Sunday, January 12, 2020
From the Sacramento Bee:
Christine Umeda, 81, has been plagued by the same recurring nightmare for most of her adult life.
She finds herself on a stretcher, unable to move. She is pushed into the back of a large panel truck. The doors slam shut and she screams.
For years she struggled to identify the cause of it, to piece together decades-old memories she seemed to have erased from her mind. Umeda, a second-generation Japanese American, eventually realized the dream was a childhood memory of incarceration during World War II.
Now, as an active member of the Florin Japanese American Citizens League, she is part of a growing cohort of Japanese Americans around the country protesting the detention of immigrant children at the southern border.
Tsuru for Solidarity, as the ad hoc group is called, began with a protest at the South Texas Family Residential Center in March. Since then, they have organized twice at Fort Sill, Oklahoma, in anticipation of a federal plan to house 1,400 migrant children in the same installation that held 700 Japanese immigrants in 1942. In their most recent trip, they joined a national coalition of activist organizations, with representation from Native American tribes, Black Lives Matter Oklahoma, and the local American Civil Liberties Union, according to The Oklahoman.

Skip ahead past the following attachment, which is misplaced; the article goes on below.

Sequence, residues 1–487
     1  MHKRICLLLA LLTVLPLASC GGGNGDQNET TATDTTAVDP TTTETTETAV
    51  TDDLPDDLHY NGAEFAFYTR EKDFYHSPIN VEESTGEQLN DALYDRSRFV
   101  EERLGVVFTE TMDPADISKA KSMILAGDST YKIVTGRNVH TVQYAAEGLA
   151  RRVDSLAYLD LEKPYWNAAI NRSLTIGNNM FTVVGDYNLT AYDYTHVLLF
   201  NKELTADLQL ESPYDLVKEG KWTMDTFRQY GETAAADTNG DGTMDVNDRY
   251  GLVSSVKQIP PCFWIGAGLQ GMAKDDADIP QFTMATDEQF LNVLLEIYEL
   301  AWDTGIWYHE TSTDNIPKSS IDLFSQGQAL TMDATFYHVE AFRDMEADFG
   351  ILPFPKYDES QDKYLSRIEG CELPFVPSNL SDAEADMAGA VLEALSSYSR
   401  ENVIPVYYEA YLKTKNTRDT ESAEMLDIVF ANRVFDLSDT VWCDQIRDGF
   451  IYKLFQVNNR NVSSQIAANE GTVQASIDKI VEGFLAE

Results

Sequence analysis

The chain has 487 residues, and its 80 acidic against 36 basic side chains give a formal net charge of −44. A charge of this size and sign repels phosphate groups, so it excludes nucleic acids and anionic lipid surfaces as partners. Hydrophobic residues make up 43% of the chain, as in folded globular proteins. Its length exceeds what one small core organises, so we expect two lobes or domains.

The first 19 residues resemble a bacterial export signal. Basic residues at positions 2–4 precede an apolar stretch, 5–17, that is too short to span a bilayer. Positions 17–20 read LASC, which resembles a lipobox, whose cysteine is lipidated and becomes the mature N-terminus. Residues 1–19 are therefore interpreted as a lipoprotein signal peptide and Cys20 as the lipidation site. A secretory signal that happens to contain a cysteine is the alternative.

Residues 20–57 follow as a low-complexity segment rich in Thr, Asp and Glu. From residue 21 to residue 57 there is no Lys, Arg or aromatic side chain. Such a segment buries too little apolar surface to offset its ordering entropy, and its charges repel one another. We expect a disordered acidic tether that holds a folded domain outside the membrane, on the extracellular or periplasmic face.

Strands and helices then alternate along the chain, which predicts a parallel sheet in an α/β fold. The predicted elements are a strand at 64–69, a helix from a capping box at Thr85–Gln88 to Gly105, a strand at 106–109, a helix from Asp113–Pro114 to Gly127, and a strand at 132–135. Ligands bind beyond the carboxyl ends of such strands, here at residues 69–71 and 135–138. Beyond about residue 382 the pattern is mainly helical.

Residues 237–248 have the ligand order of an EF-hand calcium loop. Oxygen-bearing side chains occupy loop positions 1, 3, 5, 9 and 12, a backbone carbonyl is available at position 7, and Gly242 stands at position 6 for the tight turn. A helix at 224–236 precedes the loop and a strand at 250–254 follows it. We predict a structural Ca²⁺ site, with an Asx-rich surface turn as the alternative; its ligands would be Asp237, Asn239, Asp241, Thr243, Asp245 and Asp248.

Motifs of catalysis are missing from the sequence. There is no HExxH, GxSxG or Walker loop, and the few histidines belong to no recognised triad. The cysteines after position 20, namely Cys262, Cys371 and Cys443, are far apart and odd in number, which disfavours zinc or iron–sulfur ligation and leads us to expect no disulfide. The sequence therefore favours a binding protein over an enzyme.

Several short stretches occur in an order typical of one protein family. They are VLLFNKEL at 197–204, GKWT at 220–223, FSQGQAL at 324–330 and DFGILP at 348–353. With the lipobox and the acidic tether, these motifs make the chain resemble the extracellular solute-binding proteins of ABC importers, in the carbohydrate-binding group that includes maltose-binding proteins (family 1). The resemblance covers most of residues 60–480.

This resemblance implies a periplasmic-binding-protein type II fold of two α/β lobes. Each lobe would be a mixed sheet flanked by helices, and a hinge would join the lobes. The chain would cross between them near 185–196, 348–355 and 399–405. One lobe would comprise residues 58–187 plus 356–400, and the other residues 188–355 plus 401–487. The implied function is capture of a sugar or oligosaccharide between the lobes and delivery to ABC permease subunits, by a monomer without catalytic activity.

Migrant detention and refugee resettlement malpractices evoke a familiar past for the Japanese American community: The incarceration of nearly 120,000 Japanese Americans and immigrants labeled as “suspected enemy aliens” during World War II. Tsuru for Solidarity is mobilizing survivors and descendants to the front lines of the battle against mass incarceration and deportation of undocumented immigrants.